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Like a lot of people who are typically careful with their money on a day-to-day basis — I’m responsible with my spending, I follow and maintain a budget, I’m vigilant about not running up consumer debt, etc. — I tend to get a little financially lazy when I go on a vacation. There’s something about being out of town, outside of my daily routine, and in a new environment that causes to me to be a little more reckless with my money.
Well, in March I’ll be heading out to Las Vegas to meet up with some friends to watch the NCAA Tournament, do a little gambling, go out to a few bars and restaurants, and just have some fun for a long weekend with the guys. For this trip, I’m going to do things a little differently when it comes to my “vacation spending.” I’ve decided to go through a few steps just to make sure my personal finances don’t slip through the cracks while I’m away. Vacations are usually expensive on their own, but they can become very expensive if you don’t do some planning ahead of time.
Pay for Your Trip Ahead of Time
Rule #1 that I’ve learned is that before your go away, your trip should already be paid for. What I mean by this is that you should have the funds for your vacation already set aside, before booking and going on your trip. It should essentially already be paid for before you even book your flight and hotel. What I’ve been doing is at the end of each month, I transfer about 6% of my net income into an ING “vacation/spending” account. I let that money build up, month after month, and then, when I want to pay for something like a trip to Vegas, the money is already there in my account, waiting to be spent. I charge my flight and hotel to my credit card, transfer the money from that “spending” account to my checking account, and then pay off my credit card — in full — at the end of the month. This way, I’m not going into debt just to pay for a long weekend in Vegas; I’ve already saved that money, specifically for purposes like this, and now I’m free to spend it. I also try to make sure that all of my secondary expenses for the trip are paid for ahead of time, not just the flight and hotel. For example, I know that we’ll be going to a nice steakhouse, and maybe also a club or nice bar, that will run me a couple hundreds of dollars — those are expenses that I have to also factor in when planning my trip, and how much I think they’re going to cost.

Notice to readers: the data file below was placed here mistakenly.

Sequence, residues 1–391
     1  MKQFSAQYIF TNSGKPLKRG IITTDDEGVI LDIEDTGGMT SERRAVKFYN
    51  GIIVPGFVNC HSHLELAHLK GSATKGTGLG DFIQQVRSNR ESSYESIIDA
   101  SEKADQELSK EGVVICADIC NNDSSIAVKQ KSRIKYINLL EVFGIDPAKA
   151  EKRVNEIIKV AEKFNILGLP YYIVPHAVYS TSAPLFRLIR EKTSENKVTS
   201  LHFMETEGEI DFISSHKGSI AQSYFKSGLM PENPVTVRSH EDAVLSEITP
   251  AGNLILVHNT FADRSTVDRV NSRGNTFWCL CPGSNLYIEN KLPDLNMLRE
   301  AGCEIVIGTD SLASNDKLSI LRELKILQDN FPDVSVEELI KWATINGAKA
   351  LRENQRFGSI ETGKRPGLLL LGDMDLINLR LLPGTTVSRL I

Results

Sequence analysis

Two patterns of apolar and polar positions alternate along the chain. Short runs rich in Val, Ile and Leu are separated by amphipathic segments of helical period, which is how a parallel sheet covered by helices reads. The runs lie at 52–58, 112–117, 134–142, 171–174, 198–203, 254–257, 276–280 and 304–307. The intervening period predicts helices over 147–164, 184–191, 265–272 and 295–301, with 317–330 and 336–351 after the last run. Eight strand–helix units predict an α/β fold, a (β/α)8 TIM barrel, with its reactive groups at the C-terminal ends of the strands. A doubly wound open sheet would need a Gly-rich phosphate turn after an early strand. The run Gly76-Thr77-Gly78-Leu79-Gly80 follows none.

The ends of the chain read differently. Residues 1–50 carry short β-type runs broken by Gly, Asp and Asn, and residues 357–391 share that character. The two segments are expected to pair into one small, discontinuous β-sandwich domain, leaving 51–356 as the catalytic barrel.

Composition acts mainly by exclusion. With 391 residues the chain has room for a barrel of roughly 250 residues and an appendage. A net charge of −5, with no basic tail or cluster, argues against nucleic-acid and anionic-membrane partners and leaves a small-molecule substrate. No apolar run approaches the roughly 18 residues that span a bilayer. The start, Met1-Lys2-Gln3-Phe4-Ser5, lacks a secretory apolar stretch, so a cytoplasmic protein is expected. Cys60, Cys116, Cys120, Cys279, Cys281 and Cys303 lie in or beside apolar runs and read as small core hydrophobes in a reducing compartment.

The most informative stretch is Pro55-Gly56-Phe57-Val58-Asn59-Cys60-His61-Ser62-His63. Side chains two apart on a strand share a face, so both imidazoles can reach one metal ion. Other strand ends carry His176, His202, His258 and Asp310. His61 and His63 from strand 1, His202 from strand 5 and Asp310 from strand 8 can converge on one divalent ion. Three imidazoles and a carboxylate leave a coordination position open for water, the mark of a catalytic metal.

Set Your Credit Card Balance to Zero Before Leaving
I like to be hyper-organized when organizing my expenses. For my standard, month-to-month budget, keeping my track of my expenses is pretty easy, as I use Mint to monitor my data, and I already have a good idea of where my money is going to go — because I’ve planned ahead for it. When going on vacation, however, unexpected expenses are sure to arise. Taxis or shuttles to and from the airport. Maybe you’ll spend a little more at a restaurant or a bar than you really should have. If I’m doing a little gambling, maybe I’ll have bad luck and lose $50. No matter how carefully you try to project your spending while on vacation, things will come up. It then becomes hard to answer the question: how much money did your trip really cost you? So to make certain that I’m able to track every expense while away, I like to pay off my credit card — again, in full — before I leave, setting the balance to zero. This way, when I get back, I can check my statement and quickly see exactly how much money I spent, since the only charges on my card are from my time away. And since I pay for almost everything with a credit card, keeping track on this should be easy, as I won’t have too many cash purchases to account for.
Set a Reasonable Spending Limit
Nobody wants to be a tightwad on vacation, myself included. You’re there to enjoy yourself. You’ve set money aside specifically for a trip, and you want to spend it. But that doesn’t mean you have to go crazy. I might want to play some roulette while in Vegas, or bet on a couple of basketball games, but I can still do those things while also being somewhat responsible — maybe I’ll set a limit of $100 for money I’m willing to lose on gambling. So if I end up hitting that amount, then that’s it — no more gambling for the rest of the trip. The same idea can apply to other things as well. For example, for our dinner reservations, I know it’s going to be an expensive meal — but that doesn’t mean I need to order a $100 bottle of wine. You just have to strike that balance.
Bottom Line: I like to enjoy myself when I go away, knowing that I’ve worked hard to save the money to pay for my trip. And by following the steps above, I can still have fun and “splurge” a little, while also maintaining some semblance of responsibility, even in a city that’s not exactly known for its financial restraint.
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